One man hoping to capitalize on any weakness in the Tory party is Vince Cable, the lawmaker who predicted Britain’s financial crash, served in the U.K. cabinet, and performed a foxtrot on the BBC’s “Strictly Come Dancing.”

Liberal Democrat Vince Cable.
Photographer: Dan Kitwood/Getty Images Europe

Now the veteran politician is seeking to take over the political center ground once held by former Labour Prime Minister Tony Blair and ex-Conservative premier David Cameron. His mission? Breathe life into a movement to reverse Brexit and convince voters it’s not too late to change their mind.

“It’s becoming increasingly unlikely that we will have an orderly and moderate Brexit,” Cable said in an interview. “It looks increasingly as if either Brexit will never happen, or if it does happen, will be in a highly disorderly and damaging form.”

The former business secretary, 74, is the sole candidate to lead the Liberal Democrats, the traditional third party of British national politics and the most pro-European. If no one else throws in their hat by 4 p.m. London time on Thursday, Cable will succeed Tim Farron as leader.

Building Bridges

Theresa May will launch a new business advisory group Thursday, her office said, as her government tries to build bridges with financial and trade bodies during Brexit negotiations.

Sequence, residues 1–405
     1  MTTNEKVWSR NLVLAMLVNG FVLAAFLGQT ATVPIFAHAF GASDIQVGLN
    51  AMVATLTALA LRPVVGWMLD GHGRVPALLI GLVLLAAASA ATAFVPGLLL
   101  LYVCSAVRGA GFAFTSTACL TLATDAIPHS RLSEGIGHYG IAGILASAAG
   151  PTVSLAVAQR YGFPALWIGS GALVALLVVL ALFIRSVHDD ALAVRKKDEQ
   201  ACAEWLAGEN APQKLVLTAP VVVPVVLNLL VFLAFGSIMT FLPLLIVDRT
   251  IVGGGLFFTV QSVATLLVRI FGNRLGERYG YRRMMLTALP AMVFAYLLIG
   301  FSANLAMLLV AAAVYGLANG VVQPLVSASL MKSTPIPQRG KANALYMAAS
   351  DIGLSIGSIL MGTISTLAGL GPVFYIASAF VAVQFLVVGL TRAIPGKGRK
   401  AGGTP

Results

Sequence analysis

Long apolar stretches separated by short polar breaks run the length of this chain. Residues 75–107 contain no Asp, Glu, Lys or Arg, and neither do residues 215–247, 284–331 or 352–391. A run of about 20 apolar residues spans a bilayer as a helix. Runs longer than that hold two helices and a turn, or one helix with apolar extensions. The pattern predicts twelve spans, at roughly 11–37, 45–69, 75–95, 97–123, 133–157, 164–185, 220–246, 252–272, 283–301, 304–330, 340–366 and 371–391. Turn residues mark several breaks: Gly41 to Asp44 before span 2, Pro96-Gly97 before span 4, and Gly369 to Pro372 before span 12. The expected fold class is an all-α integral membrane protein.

May will chair the first in a regular series of meetings of the business council in her official Downing Street residence, with the forum aiming to give business a direct link to the PM and her senior team running the government’s Brexit strategy.

Chancellor of the Exchequer Philip Hammond, Business Secretary Greg Clark, and junior Brexit minister Robin Walker will join Thursday’s meeting, along with business figures Ralf Speth from Jaguar Land Rover, Tesco’s Dave Lewis and Prudential’s Paul Manduca.

Carolyn Fairbairn, director general of the Confederation of British Industry (CBI).
Photographer: Jason Alden

Stephen Martin from the Institute of Directors, Carolyn Fairbairn from the Confederation of British Industry, and Mike Cherry from the Federation of Small Businesses will also be among the guests, May’s office said. They have a lot of unanswered questions.

Brexit in Brief

  • May must “raise her game” in consulting with the semi-autonomous governments of Scotland, Wales and Northern Ireland on Brexit, a House of Lords panel says 
  • Moody’s says the risk that the U.K. will tumble out of the EU in two years without a Brexit deal is “substantial”
  • Theresa May faces parliamentary questions today for the last time before summer recess
  • The rest of Europe is quickly moving on from Brexit, if their newspapers are any guide
  • The Bloomberg Brexit Barometer rose on Tuesday, after a report showed U.K. inflation unexpectedly slowed in June. Pound traders were less impressed, however, with sterling falling from a 10-month high.

And Finally...

With Brexit talks in Brussels still in their early stages, both sides are making efforts to get along. On Tuesday, many of the negotiators spent their lunch hour eating together — munching on salad served in the European Commission. A catering hiccup over the coffee left some with a bitter taste, but it was rectified by Tuesday with the help of some chocolate biscuits.

Simon Kennedy is away